The characteristics of seed oils from A. aspera, V, awabuki, A. lobatum, C. tinctoriaand T. albidum were investigated. Each oil was obtained by extraction from the dried seeds with ether, , followed by treating with n-hexane. The characteristics of seed oils (Table-1) and fatty acid compositions by GLC (Table-2) were investigated. In order to examine the glyceride compositions in seed oils, the purified triglycerides obtained by TLC were hydrolyzed into, β-monoglyceride by the action of pancreatic lipase. The β-monoglyceride separated by TLC was esterified into methyl ester with 0.2 N-sodium methoxide solu. to examine the composition of fatty acids in 2-position of triglyceride by GLC (Table-2). Triglcyeride compositions in seed oils were also calculated (Table-3)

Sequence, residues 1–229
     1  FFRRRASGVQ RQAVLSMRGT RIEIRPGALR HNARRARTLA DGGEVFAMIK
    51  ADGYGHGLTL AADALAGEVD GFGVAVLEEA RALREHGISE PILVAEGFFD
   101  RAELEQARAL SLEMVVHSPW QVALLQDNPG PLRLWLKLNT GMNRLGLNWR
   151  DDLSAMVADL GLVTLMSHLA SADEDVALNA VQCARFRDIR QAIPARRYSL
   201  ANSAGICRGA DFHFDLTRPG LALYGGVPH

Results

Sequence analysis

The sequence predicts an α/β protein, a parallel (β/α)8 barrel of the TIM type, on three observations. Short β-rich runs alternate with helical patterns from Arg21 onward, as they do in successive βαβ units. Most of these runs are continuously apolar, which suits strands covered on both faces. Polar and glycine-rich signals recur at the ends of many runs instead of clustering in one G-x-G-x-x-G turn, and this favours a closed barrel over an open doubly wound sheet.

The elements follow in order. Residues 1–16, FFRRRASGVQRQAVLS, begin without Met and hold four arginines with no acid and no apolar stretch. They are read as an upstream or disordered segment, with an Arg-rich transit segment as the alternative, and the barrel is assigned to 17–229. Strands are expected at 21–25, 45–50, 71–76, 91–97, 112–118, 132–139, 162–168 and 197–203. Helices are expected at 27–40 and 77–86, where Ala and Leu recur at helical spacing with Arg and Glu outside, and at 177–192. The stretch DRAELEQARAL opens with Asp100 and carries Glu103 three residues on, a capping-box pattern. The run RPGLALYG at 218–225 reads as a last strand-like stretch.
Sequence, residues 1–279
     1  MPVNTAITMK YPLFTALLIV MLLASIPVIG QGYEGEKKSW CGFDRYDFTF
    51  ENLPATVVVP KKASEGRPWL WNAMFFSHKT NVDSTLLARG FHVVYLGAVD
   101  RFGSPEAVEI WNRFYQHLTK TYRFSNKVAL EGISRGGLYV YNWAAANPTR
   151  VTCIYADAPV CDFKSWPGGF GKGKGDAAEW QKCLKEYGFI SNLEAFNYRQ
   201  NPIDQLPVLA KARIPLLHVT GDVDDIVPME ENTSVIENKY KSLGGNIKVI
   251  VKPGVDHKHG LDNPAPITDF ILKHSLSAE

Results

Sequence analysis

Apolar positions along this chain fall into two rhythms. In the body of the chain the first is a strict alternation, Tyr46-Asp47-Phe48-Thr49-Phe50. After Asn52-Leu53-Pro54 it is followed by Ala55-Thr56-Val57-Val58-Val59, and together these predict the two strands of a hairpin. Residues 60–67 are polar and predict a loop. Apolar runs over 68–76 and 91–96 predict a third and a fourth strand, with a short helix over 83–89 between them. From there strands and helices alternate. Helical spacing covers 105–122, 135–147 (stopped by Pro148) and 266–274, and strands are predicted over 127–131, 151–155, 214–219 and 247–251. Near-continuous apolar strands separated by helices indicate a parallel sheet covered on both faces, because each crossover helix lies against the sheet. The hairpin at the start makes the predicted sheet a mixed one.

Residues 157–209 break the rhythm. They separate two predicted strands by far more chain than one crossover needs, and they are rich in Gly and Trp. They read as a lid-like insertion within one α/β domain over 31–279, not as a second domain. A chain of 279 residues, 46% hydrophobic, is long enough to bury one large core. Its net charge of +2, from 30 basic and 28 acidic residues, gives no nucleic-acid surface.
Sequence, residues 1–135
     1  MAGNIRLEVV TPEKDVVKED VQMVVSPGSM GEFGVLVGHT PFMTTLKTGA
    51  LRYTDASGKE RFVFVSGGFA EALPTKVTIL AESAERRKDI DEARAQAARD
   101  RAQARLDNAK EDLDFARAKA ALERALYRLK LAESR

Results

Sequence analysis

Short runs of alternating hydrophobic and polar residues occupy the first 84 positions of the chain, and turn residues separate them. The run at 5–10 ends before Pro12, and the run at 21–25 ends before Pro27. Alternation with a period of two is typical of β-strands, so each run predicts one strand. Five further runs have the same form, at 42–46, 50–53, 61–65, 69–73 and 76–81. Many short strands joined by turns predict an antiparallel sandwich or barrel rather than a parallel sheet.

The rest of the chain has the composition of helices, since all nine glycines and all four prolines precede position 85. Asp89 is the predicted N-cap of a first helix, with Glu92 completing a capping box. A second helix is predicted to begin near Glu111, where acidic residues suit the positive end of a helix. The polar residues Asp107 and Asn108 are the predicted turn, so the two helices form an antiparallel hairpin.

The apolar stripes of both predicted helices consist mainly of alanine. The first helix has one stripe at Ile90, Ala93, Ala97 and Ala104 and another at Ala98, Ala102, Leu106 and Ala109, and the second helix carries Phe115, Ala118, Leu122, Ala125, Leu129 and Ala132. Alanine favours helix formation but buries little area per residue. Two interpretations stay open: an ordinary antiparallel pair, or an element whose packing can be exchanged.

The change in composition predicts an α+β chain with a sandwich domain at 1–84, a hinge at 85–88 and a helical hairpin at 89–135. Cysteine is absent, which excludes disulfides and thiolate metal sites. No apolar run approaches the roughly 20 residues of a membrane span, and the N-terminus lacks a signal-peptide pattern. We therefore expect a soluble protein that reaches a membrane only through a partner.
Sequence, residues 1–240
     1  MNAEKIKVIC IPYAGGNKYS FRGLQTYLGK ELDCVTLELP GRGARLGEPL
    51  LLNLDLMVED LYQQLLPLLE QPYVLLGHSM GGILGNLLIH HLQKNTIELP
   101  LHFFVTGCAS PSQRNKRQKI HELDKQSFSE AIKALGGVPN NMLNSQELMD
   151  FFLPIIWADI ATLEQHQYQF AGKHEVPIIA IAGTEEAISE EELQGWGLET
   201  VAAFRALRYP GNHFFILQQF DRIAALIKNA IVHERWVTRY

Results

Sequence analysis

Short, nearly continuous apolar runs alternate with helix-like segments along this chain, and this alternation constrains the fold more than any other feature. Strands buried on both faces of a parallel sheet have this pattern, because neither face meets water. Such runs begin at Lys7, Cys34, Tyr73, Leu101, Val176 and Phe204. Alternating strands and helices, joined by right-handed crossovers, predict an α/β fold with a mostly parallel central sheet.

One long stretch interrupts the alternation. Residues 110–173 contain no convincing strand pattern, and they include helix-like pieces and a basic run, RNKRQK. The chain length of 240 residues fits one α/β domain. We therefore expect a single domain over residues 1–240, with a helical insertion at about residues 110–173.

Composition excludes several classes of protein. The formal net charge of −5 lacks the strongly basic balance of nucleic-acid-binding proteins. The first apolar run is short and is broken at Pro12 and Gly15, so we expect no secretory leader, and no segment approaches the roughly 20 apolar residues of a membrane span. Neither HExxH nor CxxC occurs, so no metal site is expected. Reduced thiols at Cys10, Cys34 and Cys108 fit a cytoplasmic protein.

1) Examinations were made on general properties, fatty acid composition, and physical properties of 9 kinds of American margarine (sample No. 14 soft type in cups, No. 59 in cartons) and 10 representative domestic margarine (sample No. 15 in cups, No. 6 10 in cartons). 2) Melting point of the American samples was x 31. 1°C for cup and 32.3°C carton, the difference, being only about 1°C, but the iodine value differed markedly, being 104.8 and 85.5, respectively.. Japanese samples also showed a difference of 1°C in the melting point between cup and cartonn samples, and only a minor difference in iodine value. 3) Linoleic acid content was 36.4% for cup and 17.0% for carton in American samples, showing a distinct difference, but Japanese samples showed small difference, the value being 18.2% for cup; and 13.9% for carton. The content of C18 : 1-trans acid was x 30.7% in American sample and 20.9 % in Japanese sample as analyzed by gas-liquid chromatography, and these figures of vegetable oily products were close to the total trans acid observed by IR, infering that C18 : 2-traps acid would be : little. 4) American cup margarine is very soft at a low temperature and shows a very small S, F.I. value : but the American carton product is same as the domestic carton product. Some of the Japanese cup; margarine showed the same tendency as those o the American product and these contained around. 20% of linoleic acid.